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NotesIconForums for early/middle college of health and human sciences at UNCG As many as 50 ninth-graders will attend class on the UNCG campus in the fall through a new partnership between the university and Guilford County Schools. Focused on health and human sciences careers, this early/middle college will serve students who may be disengaged or who may struggle to adapt to the traditional high school setting. To find out more about this new school and to discuss opportunities for collaboration, attend one of two upcoming forums – at 3 p.m. Wednesday, Feb. 23, and at noon Tuesday, March 1 – both in EUC’s Kirkland Room. Tom Martinek, professor of kinesiology, will serve as UNCG’s liaison to the school. He’ll be speaking at the forums, but he’ll also be listening. “We’re looking for partners to mentor these students and for innovative ways to introduce these students to health careers,” Martinek says. “We want to include all the different ways UNCG promotes health. Along with medical careers like nursing, we want to help these students learn more about counseling, gerontology, nutrition, therapeutic recreation and other opportunities in this rapidly growing field.”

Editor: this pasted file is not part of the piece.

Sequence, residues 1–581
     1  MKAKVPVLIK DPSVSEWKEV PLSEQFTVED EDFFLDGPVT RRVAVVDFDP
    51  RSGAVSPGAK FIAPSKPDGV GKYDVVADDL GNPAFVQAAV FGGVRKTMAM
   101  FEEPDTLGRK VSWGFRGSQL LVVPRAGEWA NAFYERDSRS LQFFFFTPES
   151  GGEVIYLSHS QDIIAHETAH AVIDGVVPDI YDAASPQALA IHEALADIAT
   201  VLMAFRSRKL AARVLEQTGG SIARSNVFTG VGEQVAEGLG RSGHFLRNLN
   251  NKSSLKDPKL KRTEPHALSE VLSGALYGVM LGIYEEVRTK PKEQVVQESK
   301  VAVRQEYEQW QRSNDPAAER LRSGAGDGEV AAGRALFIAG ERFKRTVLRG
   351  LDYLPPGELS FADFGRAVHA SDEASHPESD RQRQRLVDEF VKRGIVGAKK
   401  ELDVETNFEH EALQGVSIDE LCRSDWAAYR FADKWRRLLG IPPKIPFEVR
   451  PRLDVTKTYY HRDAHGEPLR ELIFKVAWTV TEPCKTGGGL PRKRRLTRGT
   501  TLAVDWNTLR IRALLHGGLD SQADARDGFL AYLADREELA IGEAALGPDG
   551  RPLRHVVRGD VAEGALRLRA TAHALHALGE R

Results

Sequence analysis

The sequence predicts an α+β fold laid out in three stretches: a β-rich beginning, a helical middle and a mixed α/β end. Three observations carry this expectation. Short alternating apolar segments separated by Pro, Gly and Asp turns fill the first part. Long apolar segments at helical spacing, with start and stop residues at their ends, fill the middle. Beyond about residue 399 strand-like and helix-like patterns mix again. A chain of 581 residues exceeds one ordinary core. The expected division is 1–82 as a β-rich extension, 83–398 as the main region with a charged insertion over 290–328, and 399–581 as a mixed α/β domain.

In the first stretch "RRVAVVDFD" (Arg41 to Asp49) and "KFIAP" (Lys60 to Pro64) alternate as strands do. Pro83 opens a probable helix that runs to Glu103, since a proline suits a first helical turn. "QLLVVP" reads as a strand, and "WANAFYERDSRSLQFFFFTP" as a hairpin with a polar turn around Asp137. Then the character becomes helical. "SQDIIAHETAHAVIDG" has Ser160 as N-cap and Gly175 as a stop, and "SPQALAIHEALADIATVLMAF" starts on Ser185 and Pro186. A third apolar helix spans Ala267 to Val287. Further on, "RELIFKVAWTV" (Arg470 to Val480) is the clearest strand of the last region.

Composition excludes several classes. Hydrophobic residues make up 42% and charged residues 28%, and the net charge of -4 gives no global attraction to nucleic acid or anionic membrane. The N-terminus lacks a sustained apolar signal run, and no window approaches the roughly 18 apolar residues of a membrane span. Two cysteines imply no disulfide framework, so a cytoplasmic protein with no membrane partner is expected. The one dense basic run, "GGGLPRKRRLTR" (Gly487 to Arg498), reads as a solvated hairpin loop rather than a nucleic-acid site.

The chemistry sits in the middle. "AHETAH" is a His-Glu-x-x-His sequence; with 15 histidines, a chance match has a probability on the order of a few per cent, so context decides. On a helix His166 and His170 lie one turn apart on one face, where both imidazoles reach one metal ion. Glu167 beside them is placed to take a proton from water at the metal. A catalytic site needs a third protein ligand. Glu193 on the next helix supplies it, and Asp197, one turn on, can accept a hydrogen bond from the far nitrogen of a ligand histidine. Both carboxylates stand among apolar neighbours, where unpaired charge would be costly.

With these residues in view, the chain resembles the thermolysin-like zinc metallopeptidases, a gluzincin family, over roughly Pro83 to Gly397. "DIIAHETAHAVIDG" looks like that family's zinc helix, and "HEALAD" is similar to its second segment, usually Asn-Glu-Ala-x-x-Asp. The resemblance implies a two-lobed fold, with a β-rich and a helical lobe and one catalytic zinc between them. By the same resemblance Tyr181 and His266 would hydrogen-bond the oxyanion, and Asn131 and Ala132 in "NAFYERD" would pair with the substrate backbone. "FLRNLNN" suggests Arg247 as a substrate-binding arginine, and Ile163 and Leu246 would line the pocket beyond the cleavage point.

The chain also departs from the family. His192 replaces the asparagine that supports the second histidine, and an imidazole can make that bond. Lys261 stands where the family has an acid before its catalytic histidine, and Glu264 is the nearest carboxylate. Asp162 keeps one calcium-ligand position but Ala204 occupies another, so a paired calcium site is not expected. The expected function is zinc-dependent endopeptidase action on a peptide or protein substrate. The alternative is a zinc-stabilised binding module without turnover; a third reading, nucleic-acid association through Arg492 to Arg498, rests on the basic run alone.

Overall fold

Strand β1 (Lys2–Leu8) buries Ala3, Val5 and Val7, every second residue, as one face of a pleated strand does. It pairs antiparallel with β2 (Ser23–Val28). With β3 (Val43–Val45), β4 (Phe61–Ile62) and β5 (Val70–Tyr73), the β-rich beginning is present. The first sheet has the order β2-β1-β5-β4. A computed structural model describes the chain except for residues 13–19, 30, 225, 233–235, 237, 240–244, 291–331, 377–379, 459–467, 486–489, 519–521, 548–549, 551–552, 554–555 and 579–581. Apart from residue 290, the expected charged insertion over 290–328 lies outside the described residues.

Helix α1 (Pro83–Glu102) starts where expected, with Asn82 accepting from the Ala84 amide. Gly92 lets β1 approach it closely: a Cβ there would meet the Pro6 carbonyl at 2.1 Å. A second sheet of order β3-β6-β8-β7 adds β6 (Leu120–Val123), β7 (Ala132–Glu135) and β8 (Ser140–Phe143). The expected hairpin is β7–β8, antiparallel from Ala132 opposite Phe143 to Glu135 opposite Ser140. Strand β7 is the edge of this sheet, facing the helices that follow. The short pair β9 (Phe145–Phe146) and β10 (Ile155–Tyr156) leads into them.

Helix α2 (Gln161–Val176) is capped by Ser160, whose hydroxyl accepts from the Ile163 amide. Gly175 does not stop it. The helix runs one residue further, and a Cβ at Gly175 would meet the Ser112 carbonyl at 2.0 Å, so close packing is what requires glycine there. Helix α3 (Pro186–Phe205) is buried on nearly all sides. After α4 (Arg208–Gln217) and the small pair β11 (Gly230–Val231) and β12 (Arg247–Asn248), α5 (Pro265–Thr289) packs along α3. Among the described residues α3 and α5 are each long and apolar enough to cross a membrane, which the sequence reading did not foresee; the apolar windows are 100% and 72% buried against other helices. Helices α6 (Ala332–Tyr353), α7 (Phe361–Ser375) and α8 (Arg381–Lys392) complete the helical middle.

Budget web site updates The governor’s proposed budget and the state’s general fund revenue forecast are among the recent updates, at http://fsv.uncg.edu/budgetcentral.

Community engagement in departmental P&T guidelines Have you been “volunteered” by your department to write community engagement into your promotion and tenure guidelines? Come and learn how others are surviving and thriving. Bring your lunch; dessert and drinks will be provided. Guest speakers will be Dr. Sherrill Hayes (Conflict Studies & Dispute Resolution), Dr. Benjamin Filene (History) and Dr. Patrick Lucas (Interior Architecture). The workshop will be Tuesday, March 1, noon, in the EUC’s Ferguson Room. Email sjhilemo@uncg.edu for details.